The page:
3rd Dec 8

Observe the exceptionally delicate foot action:

3rd Dec 9

Some sheer, raw beauty for you:

3rd Dec 10

I know that these dogs are absurdly photogenic, but there is something about the vivid winter light that brings out every last atom of their glory:

3rd Dec 11

(In my head, the cartoon voice is shouting: LOOK AT THAT FACE.)

More snow trees, because it seems I cannot get enough snow trees:

3rd Dec 12

3rd Dec 14

Then, in the utter stillness and pure quiet, there was a creak, a shift, a shudder of wind, and this happened:

3rd Dec 15

And this:

3rd Dec 16

All the snow crashed off the trees, and the dogs emerged like Captain Scott:

3rd Dec 17

It was really most dramatic. Then the stillness returned, and all was calm and clear again:

3rd Dec 20

3rd Dec 18

I took one last look at the blue remembered hills, and went inside:

3rd Dec 19

Have a glorious Friday.


  1. Ohhh my goodness - two things: the darling dog's face and that mini snow avalanche! How on earth did you capture than on film? Are you a closet David Attenborough? I love the snow where you are - we have snow but it's not as good as Scottish snow. Lou xx

  2. Yes please to JIMMY ANDERSON photos (I think he deserves capitals too). The boy is a marvel.

    I feel like a southern softie. I was moaning this morning about having to defrost the car and it was only minus 5. Still quite cold but nothing compared to minus 17.

  3. Such beauty leaves me quite ever thank you!
    The cricket: *please* go and listen to this wonderful album...
    even just the snippets on amazon give you some idea of the glorious sound, it's my favourite album of last year and it's all about the whack of leather on willow.

  4. Minus 17!!! I don't think London's EVER been that cold. I thought of you this morning when I was watching the news.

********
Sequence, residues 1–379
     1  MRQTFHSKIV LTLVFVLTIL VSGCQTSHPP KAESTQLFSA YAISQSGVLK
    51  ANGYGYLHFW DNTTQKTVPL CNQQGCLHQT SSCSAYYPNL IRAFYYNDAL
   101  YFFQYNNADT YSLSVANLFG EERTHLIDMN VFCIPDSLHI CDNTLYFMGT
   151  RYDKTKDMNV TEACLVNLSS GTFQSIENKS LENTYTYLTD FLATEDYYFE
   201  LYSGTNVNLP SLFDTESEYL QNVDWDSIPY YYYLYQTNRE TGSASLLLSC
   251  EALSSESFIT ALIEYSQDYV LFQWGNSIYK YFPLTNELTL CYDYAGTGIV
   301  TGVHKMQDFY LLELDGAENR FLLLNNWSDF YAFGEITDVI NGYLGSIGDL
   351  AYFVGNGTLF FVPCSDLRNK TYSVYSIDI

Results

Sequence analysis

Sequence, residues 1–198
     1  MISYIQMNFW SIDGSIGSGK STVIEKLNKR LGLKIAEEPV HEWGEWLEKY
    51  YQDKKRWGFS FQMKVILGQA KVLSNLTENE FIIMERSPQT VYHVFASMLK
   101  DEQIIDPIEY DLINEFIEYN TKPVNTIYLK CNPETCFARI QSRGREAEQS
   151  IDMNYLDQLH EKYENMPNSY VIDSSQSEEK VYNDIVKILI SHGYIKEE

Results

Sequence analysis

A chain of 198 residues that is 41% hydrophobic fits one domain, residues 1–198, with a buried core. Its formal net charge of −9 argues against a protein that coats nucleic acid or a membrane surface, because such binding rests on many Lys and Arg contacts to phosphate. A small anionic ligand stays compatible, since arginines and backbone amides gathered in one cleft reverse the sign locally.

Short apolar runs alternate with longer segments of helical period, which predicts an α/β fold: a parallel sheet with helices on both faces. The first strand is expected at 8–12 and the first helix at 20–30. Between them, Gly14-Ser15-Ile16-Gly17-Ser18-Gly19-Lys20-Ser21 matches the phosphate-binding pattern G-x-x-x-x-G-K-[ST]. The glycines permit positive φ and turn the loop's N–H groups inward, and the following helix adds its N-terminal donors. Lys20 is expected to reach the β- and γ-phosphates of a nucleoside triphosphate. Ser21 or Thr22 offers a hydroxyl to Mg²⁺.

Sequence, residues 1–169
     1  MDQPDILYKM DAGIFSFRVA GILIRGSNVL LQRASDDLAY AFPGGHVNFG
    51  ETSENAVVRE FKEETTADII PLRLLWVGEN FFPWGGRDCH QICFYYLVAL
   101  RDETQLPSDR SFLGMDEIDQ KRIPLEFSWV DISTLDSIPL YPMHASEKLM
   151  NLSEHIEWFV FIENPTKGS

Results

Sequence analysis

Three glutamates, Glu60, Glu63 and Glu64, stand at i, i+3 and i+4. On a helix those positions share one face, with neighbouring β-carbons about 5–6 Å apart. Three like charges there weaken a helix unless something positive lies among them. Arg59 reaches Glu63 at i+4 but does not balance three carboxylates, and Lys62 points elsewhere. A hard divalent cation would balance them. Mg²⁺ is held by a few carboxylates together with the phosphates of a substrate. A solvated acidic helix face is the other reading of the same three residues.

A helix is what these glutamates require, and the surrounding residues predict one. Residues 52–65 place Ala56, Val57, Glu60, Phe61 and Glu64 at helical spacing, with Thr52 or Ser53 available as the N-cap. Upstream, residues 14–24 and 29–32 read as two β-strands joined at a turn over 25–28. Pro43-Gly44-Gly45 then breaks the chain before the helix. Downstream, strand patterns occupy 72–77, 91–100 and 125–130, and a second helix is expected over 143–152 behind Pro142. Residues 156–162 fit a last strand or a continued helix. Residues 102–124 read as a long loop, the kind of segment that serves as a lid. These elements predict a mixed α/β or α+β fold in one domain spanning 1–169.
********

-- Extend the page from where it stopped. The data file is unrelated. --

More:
My favourite photo today is of the dogs running off down the lane. I love the close ups too, their grey muzzles make them look very distinguished xx

  5. I would just like to say, if it is permitted, that I really LOVE my readers, with an actual love. Not only do you appreciate my dear dogs, but it turns out you also love the cricket. Am grinning like a loon.

    Lou - how kind you are. The moment I heard the snow falling I just snapped and snapped. It went on for an oddly long time, which is how I got the pictures. Mostly I point and shoot and hope for the best; my lovely new lens does help too. It's a proper zoom.

    Alex - it is damn cold. I am wearing four jumpers now. So delighted you admire J Anderson as much as I do.

    Anne - so pleased you are enjoying the beauty. As for Duckworth Lewis, thank you so much for reminding me. I heard both singers (can't remember their names suddenly) last year, talking with Aggers on the lunch break on Test Match Special, and they even sang one of their songs live, and I loved it. But I forgot to get the album. Rushing to iTunes now.

  6. I'm going to direct No1 here.After listening to me recall his Da's miserable night on call, No1's sympathetic comment was: well he will have been pleased about the cricket
    I wish that we could hear church bells, the only one I hear is when the kind Elder who spies me (late) in the car park and carries on tolling the bell.The Minister is waiting for us to turn up during All Things Bright and Beautiful.. there is a bird line in there.

  7. Ladybird - LOVE the No1 cricket joke. It is making me laugh a lot.

    Christina - so delighted you think the ladies look distinguished. Their dear old grey faces make me smile a lot. As for the cold, even with all the heating on, and thick granite walls, I can FEEL the cold coming in. I may have to put on a hat.

  8. Must now go and listen to the Duckworth Lewis Method, for although cricket is a mystery to me (after 10 years in Hertfordshire I can just about guess whether the numbers indicate a good score), I adore Neil Hannon. And can just imagine him singing live on TMS. Which I also love, even though much of what they say is complete gobbledygook to me.

  9. Mona - Neil Hannon, that's who it was. Thank you for reminding me. I too adore TMS, and too do not understand all of it. I like that it is so gentle and polite with rather good understated jokes.

  10. You have surpassed yourself (in the photography line I mean!!!) those are fabulous, gorgeous and spine chilling!

    About Anderson - wasnt it fabulous. And I think rather than a photograph of Anderson a photograph of Ricky Ponting when he got out for a duck would be absolutely gorgeous!

    We also are cricket mad and not just for Sri Lankan cricket. I can watch any cricket, anytime. Everything stops for cricket and when Sri Lanka is playing, Sri Lanka just slooowws down.